In step 1420, a transducer satellite interfaces with the media source. The transducer satellite may either interface with the media source directly, or interface with another satellite that provides the transducer satellite streaming media from the media source (see embodiments described with
In step 1430, the transducer satellite identifies a target satellite to receive the media feed. The target satellite may reside on a device, such as a roaming device. The identification of the target satellite may be specified by the user, such as the case where the user is operating the intended target device.
In step 1440, the transducer satellite accesses a repository (e.g. element 140 in
In step 1450, the transducer satellite formats or otherwise prepares the data from the media source for the target satellite, based on the information it obtains about the device. For cell phone devices, as an example, the transducer satellite may reduce the resolution and format the streaming data to accommodate the specific display size of the target satellite or its device. In many cases, the transducer may also take no action, as the target satellite may have full capability to receive the stream with no modifications.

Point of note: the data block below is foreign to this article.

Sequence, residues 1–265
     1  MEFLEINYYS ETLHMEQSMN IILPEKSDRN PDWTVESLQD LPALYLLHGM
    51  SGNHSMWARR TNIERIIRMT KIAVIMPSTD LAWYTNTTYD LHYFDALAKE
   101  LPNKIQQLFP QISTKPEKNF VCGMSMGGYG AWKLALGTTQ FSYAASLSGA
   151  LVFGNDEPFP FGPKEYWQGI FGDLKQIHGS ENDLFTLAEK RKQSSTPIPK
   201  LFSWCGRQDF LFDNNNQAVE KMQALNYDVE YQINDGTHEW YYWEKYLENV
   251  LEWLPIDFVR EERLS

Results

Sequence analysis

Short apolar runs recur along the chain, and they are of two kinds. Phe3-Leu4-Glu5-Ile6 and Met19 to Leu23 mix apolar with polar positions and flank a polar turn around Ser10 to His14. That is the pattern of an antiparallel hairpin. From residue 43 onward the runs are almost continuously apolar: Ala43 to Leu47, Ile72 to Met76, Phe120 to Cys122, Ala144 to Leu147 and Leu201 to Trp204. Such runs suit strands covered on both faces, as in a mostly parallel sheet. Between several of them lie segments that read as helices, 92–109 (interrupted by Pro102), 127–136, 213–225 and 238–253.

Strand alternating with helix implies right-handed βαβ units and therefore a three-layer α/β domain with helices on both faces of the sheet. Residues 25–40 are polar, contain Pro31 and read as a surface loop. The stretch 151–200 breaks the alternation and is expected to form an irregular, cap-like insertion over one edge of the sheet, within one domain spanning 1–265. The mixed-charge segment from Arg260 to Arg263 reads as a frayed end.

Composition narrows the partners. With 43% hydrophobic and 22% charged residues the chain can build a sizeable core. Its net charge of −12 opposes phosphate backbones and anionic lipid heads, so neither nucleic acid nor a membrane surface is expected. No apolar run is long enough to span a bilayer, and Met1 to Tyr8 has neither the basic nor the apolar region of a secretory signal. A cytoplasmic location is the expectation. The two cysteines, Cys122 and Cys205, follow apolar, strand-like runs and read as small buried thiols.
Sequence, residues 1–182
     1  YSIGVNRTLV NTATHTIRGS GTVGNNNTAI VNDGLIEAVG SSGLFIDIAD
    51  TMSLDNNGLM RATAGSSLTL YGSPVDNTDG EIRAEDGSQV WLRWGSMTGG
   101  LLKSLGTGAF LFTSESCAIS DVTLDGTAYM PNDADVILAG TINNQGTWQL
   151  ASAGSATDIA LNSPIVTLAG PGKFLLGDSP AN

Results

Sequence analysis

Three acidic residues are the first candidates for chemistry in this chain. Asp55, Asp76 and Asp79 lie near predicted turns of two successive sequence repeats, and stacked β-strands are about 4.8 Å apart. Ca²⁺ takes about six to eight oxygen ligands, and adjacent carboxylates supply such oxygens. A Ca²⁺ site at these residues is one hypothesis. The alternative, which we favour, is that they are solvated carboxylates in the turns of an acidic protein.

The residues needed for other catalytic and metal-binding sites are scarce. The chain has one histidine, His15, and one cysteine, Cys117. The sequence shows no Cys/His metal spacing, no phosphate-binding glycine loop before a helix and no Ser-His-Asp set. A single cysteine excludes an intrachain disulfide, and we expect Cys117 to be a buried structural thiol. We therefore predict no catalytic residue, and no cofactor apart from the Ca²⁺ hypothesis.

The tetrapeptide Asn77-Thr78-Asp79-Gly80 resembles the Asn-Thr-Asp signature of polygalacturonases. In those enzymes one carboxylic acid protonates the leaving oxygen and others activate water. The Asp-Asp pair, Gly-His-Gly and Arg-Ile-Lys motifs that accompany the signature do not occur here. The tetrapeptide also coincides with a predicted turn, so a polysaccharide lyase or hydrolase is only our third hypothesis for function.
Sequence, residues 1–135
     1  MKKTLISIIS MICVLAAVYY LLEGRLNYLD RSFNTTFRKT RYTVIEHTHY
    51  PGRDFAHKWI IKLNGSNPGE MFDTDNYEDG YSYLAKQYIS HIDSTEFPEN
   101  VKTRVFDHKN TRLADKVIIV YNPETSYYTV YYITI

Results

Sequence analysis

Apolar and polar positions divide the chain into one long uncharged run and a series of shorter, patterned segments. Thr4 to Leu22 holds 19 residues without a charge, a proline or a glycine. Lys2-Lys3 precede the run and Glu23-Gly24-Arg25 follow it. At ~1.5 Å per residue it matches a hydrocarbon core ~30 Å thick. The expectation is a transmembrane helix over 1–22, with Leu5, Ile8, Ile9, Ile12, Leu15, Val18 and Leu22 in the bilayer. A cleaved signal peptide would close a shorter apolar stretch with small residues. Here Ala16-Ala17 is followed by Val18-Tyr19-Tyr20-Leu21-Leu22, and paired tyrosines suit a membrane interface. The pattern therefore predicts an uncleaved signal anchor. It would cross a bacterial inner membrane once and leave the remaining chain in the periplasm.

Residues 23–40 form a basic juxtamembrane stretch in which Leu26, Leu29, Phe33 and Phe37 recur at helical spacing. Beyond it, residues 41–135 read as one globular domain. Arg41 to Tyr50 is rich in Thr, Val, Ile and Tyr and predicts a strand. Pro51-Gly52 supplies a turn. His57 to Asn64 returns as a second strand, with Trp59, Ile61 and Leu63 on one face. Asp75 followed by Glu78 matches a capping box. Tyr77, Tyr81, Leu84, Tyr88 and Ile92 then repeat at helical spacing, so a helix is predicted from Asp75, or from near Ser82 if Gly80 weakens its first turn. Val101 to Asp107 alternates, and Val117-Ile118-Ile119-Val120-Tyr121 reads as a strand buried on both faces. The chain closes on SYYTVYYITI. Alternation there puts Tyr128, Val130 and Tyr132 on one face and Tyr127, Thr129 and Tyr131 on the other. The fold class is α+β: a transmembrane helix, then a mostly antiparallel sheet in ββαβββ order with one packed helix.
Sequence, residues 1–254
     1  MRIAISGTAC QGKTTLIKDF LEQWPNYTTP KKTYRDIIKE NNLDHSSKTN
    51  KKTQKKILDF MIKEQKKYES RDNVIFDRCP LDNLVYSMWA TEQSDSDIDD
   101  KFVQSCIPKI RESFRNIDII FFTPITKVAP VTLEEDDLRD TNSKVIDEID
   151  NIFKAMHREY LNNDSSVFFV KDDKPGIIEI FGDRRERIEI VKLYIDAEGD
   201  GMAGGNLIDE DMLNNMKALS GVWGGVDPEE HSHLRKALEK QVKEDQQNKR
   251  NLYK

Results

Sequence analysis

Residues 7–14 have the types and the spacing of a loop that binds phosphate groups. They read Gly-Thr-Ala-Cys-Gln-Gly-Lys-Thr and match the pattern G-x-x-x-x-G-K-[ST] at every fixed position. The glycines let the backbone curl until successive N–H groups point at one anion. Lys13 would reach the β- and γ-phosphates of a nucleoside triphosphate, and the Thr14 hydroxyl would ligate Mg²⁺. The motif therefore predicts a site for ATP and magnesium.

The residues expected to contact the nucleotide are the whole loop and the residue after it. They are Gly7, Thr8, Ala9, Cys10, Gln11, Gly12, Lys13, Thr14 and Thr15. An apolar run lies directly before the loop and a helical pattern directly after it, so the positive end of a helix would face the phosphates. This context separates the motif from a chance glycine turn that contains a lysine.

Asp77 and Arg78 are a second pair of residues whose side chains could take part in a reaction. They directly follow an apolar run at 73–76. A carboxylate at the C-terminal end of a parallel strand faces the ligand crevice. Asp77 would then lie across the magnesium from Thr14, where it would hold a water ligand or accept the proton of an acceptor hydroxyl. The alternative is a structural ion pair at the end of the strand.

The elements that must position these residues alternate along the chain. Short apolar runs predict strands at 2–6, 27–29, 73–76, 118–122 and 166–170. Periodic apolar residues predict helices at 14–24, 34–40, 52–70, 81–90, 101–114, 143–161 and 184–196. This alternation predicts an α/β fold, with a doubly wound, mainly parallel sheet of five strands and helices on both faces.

Step 1460 provides that the formatted data (if any) is streamed to the target satellite. The formatting of the media enables media resources from various sources, such as television or media files, to be formatted and delivered for instant playback on virtually any kind of recipient terminal, such as, for example, cell phones.
Although illustrative embodiments of the invention have been described in detail herein with reference to the accompanying drawings, it is to be understood that the invention is not limited to those precise embodiments. As such, many modifications and variations will be apparent to practitioners skilled in this art. Accordingly, it is intended that the scope of the invention be defined by the following claims and their equivalents. Furthermore, it is contemplated that a particular feature described either individually or as part of an embodiment can be combined with other individually described features, or parts of other embodiments, even if the other features and embodiments make no mentioned of the particular feature. This, the absence of describing combinations should not preclude the inventor from claiming rights to such combinations.